On Tuesday, Chris Sevier, an activist known for filing lawsuits targeting same-sex marriages in various states, informed the Conservative Firing Line that he has been working on a proposed piece of legislation to combat censorship by social media sites like Facebook and Twitter.
One version, written to be introduced in Idaho, can be seen here, and targets social media sites with more than 75 million users.
The proposed act, called the “Anti-Social Media Censorship Act of 2019,” states that a “[s]ocial media website that is open to the public that has more than 75,000,000 subscribers that was not specifically affiliated with any one religion or political party from its inception shall be construed to be a public utility by the State of Idaho.”
It further states:
a. the owner of any social media website that intentionally deletes or censors a user’s religious or political speech who resides in the state of Idaho shall be subject to a private right of action by the injured party.
b. The injured party may seek:
(1) a minimum of $75,000 in statutory damages;
(2) actual damages;
(3) punitive damages if there are factors in aggravation; and
(4) other forms of equitable relief.
c. The prevailing party in litigation can be awarded costs and reasonable attorney fees.
The proposal further states that “‘Hate speech’ is not a category of protected speech and cannot be used as a justifiable basis to censor religious or political speech by a social media website that meets that qualifies for public utility status.”
As we and others have reported, Facebook has used the excuse of “hate speech” to censor, among other things, portions of the Declaration of Independence.
There are some protections for companies like Facebook and Twitter. “If [a] social media website that meets the criteria to classify as a public utility intentionally censors a user’s religious or political speech, who resides in this state, that calls for immediate acts of violence, is obscene, or is pornographic, the social media website will be immune from liability,” the proposal states.
It also states that social media sites “will not be liable for other users censoring another user’s speech for any reason.”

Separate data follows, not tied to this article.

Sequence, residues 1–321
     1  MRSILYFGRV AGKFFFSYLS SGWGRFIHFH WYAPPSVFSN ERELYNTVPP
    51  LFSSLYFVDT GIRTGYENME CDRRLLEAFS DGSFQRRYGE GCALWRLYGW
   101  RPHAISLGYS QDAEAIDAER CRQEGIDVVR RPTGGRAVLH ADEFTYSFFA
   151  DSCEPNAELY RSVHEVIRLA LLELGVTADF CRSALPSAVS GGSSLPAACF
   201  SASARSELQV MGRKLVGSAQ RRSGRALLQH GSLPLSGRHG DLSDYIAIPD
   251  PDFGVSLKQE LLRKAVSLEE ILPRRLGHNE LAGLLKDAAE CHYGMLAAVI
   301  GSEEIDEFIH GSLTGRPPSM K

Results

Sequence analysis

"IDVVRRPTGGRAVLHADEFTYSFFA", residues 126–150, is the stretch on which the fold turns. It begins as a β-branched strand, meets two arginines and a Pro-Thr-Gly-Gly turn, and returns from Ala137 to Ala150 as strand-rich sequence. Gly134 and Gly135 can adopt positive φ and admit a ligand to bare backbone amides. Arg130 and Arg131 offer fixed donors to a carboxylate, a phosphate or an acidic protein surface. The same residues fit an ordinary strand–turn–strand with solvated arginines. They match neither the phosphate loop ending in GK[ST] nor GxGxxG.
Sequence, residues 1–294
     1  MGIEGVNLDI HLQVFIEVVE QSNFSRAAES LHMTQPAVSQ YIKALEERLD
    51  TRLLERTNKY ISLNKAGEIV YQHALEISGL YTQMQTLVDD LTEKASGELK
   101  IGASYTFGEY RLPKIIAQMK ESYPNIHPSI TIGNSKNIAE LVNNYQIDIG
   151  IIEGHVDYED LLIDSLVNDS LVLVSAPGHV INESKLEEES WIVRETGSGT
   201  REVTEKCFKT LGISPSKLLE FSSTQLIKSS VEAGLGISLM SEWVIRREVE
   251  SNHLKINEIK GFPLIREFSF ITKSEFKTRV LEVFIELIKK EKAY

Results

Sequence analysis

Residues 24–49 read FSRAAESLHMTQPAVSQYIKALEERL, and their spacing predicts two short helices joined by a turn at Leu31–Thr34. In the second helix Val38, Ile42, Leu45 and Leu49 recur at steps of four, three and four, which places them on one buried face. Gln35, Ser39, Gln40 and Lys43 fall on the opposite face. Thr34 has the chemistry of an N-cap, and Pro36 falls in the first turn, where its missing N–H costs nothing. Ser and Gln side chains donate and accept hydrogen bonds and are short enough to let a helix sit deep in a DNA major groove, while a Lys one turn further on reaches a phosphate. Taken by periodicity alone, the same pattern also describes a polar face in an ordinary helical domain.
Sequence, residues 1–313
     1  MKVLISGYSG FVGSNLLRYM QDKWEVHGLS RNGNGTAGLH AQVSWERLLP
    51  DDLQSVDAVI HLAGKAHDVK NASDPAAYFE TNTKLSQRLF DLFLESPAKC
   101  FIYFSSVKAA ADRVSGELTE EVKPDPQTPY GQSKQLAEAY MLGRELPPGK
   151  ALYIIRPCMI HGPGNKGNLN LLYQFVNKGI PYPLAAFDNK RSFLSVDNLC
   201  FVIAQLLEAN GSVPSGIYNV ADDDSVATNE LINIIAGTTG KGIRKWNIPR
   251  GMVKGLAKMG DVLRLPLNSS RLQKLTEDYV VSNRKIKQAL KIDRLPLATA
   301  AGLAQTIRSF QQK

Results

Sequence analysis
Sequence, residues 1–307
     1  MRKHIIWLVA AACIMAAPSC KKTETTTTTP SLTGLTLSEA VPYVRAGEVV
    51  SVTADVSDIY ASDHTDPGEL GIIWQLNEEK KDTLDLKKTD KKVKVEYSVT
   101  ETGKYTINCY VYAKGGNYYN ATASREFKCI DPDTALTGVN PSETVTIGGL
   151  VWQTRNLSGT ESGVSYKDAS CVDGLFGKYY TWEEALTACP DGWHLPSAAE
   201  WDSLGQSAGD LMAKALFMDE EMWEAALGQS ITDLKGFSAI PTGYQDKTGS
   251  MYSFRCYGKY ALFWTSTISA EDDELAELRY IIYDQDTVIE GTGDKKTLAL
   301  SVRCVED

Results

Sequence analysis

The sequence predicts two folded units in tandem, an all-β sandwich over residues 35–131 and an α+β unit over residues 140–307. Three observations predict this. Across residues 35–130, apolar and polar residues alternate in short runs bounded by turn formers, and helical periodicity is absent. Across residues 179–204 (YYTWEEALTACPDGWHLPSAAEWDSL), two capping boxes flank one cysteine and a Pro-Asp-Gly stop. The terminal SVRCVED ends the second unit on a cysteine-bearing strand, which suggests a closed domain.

The proposal also targets algorithms designed to suppress information like those currently used by Facebook. “If a social media website that meets the criteria to classify as a public utility intentionally uses algorithms to intentionally suppress political speech or religious speech of a resident in this state, the social media website can be held liable in the civil court of competent jurisdiction and subjected to the relief set forth in section II by the injured party,” the document states.
The measure, however, says that “social media websites subjected to this act … may use algorithms to disfavor or censure political or religious speech that calls for immediate acts of violence, is obscene, or is pornographic with immunity.”
The only problem here is that Facebook’s moderators have been known to confuse actual pornography with things like lilac trees.
Social media sites that respond to appeals of censorship in a timely manner are also protected from liability, the proposal says.
Sevier tells me at least one South Carolina lawmaker has agreed to sponsor the proposal and he expects to have more lawmakers on board soon.
It’s not known if the measure will ever become law in any of the states Sevier has targeted, but companies like Facebook and Twitter should take note that there are some in America who still support the concept of free speech — even speech they may not like — and are willing to fight for it.